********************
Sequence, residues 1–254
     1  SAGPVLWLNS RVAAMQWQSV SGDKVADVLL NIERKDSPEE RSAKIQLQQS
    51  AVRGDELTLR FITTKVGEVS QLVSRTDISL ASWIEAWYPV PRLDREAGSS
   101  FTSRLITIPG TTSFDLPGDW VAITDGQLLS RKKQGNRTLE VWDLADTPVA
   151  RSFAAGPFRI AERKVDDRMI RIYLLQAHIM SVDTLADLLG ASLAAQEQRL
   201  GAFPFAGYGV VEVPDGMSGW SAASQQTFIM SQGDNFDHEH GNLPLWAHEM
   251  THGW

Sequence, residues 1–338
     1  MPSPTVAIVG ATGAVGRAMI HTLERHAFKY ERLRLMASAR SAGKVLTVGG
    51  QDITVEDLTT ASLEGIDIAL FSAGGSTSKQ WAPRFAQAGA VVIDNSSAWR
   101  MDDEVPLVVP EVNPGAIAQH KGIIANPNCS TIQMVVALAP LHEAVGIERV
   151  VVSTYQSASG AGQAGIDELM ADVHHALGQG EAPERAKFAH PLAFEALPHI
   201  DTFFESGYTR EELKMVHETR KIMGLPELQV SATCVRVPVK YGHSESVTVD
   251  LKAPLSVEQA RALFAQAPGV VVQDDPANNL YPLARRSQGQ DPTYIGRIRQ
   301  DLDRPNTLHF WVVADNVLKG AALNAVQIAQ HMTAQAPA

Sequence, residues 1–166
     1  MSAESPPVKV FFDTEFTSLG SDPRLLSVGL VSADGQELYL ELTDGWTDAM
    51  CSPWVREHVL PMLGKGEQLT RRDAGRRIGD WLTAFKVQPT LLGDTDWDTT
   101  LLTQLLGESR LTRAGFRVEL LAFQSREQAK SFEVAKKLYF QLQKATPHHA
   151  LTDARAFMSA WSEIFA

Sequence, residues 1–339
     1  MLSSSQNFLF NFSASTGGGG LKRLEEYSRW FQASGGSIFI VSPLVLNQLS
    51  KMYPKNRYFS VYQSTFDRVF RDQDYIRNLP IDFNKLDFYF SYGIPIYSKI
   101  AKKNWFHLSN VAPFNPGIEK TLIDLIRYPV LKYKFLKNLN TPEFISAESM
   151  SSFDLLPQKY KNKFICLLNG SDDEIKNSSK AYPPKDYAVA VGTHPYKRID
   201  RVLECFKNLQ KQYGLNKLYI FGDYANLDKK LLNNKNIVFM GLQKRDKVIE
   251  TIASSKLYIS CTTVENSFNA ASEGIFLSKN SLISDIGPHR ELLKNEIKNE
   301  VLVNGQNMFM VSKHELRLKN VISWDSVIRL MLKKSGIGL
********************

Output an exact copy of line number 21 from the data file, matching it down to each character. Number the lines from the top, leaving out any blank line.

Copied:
Sequence, residues 1–339